Whats with the clapping?
By Simonbook - 03 Nov 2015 in
Why is it we strike our hands together violently to indicate we're appreciative of what someone did? It’s an odd thing, an arbitrary cultural act that could have been just about anything. Slapping knees, howling, headbutting, all could have been the tradition just as easily as clapping.
In a recent article in Esquire, Elwyn Simons, head of Duke University's Division of Fossil Primates, says "We don’t know know how far back it goes… but you don't find primates doing it unless they've been taught to do it. They do not clap hands in the wild. It's not to applaud something. It's because they’re frightened or want to call attention to food".
Jay Fisher, a professor at Yale University, dates the custom to the 3rd century BC, where (Greek?) plays ended with a request, plaudite, for the audience to clap.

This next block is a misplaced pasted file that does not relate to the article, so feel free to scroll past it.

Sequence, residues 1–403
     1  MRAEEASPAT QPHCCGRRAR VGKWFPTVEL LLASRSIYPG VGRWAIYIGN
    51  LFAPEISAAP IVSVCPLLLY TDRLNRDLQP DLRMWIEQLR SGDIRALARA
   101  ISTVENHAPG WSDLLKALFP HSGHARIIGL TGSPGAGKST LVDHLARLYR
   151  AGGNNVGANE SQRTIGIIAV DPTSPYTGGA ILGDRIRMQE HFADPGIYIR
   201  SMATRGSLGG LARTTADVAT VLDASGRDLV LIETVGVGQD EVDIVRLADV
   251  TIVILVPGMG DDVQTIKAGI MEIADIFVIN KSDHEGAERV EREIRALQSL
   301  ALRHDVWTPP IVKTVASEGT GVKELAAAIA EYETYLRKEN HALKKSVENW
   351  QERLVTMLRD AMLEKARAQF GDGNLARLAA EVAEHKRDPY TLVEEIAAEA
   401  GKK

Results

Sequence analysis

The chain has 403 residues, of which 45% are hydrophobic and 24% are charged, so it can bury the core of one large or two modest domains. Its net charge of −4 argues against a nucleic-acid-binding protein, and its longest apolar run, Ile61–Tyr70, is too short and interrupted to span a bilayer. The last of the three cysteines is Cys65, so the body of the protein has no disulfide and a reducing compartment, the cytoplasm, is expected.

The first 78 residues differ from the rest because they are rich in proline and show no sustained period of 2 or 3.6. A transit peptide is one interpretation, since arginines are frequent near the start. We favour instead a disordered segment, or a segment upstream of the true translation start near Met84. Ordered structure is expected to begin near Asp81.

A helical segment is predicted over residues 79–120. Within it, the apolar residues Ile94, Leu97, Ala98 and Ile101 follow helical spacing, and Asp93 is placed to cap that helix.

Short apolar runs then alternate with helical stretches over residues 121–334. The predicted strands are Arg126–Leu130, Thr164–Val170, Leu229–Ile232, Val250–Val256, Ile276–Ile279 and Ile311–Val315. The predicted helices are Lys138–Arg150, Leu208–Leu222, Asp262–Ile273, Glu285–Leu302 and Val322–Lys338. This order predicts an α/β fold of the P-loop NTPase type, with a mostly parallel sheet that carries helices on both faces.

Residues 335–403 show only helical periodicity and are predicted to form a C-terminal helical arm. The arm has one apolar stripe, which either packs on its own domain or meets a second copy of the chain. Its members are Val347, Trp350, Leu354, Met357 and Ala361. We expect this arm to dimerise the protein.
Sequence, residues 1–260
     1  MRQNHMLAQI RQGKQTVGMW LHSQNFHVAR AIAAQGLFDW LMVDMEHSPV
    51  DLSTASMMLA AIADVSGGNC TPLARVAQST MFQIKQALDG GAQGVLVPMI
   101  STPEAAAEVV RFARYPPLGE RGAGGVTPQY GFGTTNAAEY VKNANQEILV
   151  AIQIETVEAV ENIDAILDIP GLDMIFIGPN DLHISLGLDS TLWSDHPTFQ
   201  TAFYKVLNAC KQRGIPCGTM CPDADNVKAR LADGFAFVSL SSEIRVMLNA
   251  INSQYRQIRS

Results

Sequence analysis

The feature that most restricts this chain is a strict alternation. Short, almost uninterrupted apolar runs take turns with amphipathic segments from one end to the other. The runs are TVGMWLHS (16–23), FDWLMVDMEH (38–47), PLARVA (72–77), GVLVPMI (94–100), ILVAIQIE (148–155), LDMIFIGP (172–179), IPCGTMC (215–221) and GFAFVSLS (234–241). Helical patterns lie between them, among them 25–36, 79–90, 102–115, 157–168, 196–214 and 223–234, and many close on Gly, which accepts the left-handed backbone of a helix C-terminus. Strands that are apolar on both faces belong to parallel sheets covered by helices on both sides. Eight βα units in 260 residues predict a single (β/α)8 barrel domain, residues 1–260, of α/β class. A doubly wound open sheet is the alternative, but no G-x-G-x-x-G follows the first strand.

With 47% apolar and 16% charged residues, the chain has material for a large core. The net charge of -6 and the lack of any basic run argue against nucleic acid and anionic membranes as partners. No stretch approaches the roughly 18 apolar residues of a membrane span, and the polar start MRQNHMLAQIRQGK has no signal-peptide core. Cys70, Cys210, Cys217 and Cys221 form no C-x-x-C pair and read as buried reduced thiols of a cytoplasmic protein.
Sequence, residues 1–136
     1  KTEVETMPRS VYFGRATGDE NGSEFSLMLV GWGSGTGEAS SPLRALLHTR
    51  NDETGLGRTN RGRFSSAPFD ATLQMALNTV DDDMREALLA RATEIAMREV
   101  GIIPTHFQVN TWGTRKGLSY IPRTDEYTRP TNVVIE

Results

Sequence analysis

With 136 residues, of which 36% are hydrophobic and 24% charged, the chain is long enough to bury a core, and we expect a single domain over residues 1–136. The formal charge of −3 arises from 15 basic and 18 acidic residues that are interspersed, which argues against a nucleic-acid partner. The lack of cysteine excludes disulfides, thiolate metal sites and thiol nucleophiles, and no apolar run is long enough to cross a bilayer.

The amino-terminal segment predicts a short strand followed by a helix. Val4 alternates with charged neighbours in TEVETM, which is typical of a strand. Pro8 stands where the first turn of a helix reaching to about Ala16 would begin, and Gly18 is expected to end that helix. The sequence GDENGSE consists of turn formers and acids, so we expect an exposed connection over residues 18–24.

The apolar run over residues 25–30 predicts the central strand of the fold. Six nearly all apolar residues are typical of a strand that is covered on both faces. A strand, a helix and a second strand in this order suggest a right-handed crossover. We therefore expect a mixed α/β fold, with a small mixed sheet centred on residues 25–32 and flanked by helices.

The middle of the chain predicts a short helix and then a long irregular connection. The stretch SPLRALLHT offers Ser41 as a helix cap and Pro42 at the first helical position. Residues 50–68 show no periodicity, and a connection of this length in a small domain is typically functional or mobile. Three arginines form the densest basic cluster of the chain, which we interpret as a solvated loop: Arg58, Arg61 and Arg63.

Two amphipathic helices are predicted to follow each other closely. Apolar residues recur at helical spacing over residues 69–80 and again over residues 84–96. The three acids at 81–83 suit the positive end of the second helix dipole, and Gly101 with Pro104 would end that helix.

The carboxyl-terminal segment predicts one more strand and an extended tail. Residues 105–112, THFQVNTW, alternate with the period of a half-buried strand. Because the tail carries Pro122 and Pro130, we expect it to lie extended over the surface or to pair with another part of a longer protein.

Various cultures throughout history have had alternatives to clapping. Some articles mentions the Romans snapped their fingers. Bruce Springsteen fans yell "Bruuuuuce" at his concerts, which to many people new to his concerts, sounds exactly like people booing, as they should.
I also find it interesting, when I'm an audience, to try and be the first person to clap. Often there's silence when performances, or lectures, end, and whoever claps first can always start a good number of people clapping. It's a strange phenomenon.